BOSTON, MA — Asserting that a federal court in Rhode Island erroneously blocked abused and neglected children’s access to the court in dismissing a class action brought on their behalf to reform the state’s failing child welfare system, Rhode Island Child Advocate Jametta Alston, the national advocacy organization Children’s Rights, and local and national co-counsel today appealed the decision to the United States First Circuit Court of Appeals in Boston.
The advocates filed the class action, known as Sam and Tony M. v. Carcieri, in June 2007, seeking widespread reforms on behalf of the approximately 3,000 abused and neglected children dependent on the Rhode Island Department of Children, Youth, and Families (DCYF). The children’s complaint alleged that the state violates their rights under the Constitution and federal law by failing to provide them with basic safety, protection, and care — often resulting in serious harm.
The district court dismissed the case in April 2009, ruling that the adults serving as the children’s legal representatives were inadequate because they were not the children’s family court law guardians and did not have current relationships with the children.
But Alston and Children’s Rights say there is no legal reason why representatives other than the children’s family court law guardians cannot bring the federal case on their behalf — and that the very failures at DCYF that the class action seeks to correct are responsible for preventing the children from maintaining current relationships with other adults who could represent their interests in court. Moreover, they say, the court erroneously relied upon a rule in dismissing the case that was designed to ensure children’s access to the courts.
“Instead of closing the courthouse doors to these children, the district court could have appointed other legal representatives for them,” said Alston. “We are simply asking the appeals court to give the children the opportunity to present their case that the district court has denied them.”
Said Susan Lambiasse, associate director of Children’s Rights: “These are children who have suffered terrible neglect, physical and sexual abuse, and other injustices in DCYF’s custody for years. The court itself describes their stories as heartbreaking, and yet it has cut off the only avenue through which they could bring their claims before the federal court. We believe this was a decision made in error, and we believe it should be reversed.”
Among the children on whose behalf Alston and Children’s Rights brought the class action are:
- David, a 15-year-old boy who has remained in DCYF’s custody since the age of two. As a toddler, David was placed in foster care in the home of Mary Melvin, a foster parent for 20 years who has twice been named Rhode Island Foster Mother of the Year. Despite a strong bond between David and Ms. Melvin — he called her “Mom” and she refers to him as a member of her family — DCYF removed David from Mary’s home and shuffled him for the ensuing decade through a series of institutions including a shelter, a psychiatric hospital, and a residential treatment center where he was sexually abused by a roommate. DCYF deemed David “too damaged for adoption” in 2005; Ms. Melvin is among the legal representatives deemed inadequate by the district court.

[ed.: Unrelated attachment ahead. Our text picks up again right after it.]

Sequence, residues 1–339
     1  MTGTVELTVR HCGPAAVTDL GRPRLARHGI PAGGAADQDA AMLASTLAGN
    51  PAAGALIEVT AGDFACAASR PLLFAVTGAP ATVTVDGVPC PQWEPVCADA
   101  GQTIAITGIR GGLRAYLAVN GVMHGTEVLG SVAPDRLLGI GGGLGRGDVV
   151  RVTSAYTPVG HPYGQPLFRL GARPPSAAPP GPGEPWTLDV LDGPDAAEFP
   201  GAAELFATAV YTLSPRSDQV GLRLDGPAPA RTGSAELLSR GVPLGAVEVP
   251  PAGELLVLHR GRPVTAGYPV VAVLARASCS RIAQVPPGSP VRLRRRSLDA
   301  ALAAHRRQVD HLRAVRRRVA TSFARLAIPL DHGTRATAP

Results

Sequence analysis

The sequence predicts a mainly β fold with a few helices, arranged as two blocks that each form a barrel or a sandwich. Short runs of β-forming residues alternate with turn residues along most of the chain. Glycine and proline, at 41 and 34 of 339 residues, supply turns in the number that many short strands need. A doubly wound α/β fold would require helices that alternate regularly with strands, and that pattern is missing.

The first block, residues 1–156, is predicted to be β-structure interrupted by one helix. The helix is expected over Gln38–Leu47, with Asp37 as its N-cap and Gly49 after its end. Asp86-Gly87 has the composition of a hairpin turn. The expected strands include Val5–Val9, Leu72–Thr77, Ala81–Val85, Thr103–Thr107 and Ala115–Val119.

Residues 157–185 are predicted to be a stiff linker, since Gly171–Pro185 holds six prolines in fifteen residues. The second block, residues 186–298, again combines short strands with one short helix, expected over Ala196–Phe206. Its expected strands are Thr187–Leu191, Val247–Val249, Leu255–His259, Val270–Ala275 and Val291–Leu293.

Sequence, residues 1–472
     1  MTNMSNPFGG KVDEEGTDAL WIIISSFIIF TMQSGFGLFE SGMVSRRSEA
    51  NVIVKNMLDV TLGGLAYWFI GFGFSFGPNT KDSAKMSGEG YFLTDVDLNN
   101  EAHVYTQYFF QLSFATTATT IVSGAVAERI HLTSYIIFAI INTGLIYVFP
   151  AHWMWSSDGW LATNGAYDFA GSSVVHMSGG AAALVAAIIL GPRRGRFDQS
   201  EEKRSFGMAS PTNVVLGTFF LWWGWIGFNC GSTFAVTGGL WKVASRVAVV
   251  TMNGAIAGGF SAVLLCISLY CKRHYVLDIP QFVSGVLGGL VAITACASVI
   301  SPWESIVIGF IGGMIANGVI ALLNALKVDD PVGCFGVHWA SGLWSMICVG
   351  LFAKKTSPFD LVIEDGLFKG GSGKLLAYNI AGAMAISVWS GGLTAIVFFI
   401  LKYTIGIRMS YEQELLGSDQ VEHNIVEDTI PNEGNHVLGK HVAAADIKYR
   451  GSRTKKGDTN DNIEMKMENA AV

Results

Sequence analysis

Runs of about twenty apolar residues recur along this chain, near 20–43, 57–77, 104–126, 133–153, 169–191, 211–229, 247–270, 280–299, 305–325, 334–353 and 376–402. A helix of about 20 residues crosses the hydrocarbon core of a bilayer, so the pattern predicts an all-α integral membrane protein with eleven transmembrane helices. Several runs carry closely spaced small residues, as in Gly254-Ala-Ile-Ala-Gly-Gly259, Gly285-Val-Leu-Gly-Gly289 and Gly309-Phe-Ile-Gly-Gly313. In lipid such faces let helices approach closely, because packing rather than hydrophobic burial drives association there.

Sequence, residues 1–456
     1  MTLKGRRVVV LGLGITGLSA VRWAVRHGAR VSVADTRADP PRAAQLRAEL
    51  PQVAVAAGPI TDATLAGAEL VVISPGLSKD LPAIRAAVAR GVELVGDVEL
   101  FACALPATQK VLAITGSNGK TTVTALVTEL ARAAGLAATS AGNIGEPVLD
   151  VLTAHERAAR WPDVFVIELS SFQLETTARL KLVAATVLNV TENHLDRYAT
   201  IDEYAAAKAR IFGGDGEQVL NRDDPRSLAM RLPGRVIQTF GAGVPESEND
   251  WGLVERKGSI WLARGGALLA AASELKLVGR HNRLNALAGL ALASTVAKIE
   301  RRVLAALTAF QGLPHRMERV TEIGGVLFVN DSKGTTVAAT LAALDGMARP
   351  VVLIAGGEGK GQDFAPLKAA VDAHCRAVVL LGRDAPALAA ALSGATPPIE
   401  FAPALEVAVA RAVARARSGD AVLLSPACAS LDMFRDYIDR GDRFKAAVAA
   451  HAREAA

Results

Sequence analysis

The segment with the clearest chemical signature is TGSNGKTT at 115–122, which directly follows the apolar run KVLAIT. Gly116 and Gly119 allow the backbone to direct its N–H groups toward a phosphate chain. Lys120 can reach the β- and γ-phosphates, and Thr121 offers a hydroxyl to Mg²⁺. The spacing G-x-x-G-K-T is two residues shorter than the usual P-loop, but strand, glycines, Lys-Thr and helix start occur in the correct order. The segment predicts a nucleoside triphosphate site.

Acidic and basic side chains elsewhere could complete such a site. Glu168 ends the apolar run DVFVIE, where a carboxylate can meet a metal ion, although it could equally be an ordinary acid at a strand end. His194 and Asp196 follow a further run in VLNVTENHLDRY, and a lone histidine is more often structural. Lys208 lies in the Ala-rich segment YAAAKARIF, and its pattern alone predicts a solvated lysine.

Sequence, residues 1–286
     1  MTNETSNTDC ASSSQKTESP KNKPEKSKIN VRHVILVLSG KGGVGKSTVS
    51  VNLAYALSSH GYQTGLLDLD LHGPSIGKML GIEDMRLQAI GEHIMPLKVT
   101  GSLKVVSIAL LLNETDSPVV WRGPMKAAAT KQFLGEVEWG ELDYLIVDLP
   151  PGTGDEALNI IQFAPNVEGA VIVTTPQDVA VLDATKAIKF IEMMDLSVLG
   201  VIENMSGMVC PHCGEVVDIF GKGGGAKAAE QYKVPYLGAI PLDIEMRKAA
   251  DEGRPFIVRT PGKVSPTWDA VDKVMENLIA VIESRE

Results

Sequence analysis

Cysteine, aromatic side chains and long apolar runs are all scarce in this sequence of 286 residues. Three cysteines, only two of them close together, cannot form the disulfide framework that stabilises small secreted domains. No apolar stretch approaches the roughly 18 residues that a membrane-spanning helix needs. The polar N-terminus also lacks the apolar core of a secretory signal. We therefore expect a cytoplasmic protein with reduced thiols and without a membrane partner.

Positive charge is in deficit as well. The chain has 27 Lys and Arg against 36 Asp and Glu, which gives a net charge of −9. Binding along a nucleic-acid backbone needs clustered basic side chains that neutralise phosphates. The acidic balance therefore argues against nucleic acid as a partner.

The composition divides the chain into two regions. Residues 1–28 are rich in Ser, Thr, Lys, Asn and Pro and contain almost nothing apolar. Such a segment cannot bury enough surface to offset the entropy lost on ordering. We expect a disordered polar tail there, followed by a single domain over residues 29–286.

- Caesar, now almost eight years old, whom DCYF has bounced around to several different foster homes over seven years during which he has been exposed to drug use and physical abuse and placed in one unlicensed foster home that DCYF had itself deemed unfit and unsuitable. In Family Court, Caesar has been represented by at least six different law guardians; the district court, in dismissing the class action brought in Caesar’s name, contended that these law guardians were the only appropriate legal representatives for Caesar, and that the school psychologist who worked intensively with Caesar three to four times weekly over the course of the 2006-2007 school year was not an adequate representative.
- Sam and Tony, brothers who were taken into state foster care at age four and infancy respectively in 1999 and suffered extreme abuse over the next five years in DCYF’s custody — burned with a cigarette in a foster home, sexually assaulted, verbally threatened. DCYF returned the boys to their mother three separate times in spite of 14 reports that she was incapable of safely parenting them, eight of which DCYF confirmed. Since December 2000, Sam and Tony have been represented by at least six different family court law guardians.
The class action brought against Rhode Island on the children’s behalf charges DCYF with moving children excessively between unstable foster homes, returning them to their parents unsafely, and leaving them to languish for years in foster care without permanent homes. DCYF also institutionalizes young children in foster care at more than double the national rate, and recorded the single highest rate in the nation of children suffering abuse or neglect in its custody in five of the six years from 2000 through 2005.
In addition to the Rhode Island Child Advocate and Children’s Rights, Vernon Winters of the international law firm Weil, Gotshal & Manges and Rhode Island attorney John Dineen serve as co-counsel on the case.
For more information about Children’s Rights’ campaign to reform the Rhode Island child welfare system, including the full text of the 2007 complaint and today’s appeal, please visit www.childrensrights.org/rhodeisland.
Advocate Seeks to Revive RI Foster Care Lawsuit (AP/Boston Globe, August 11, 2009)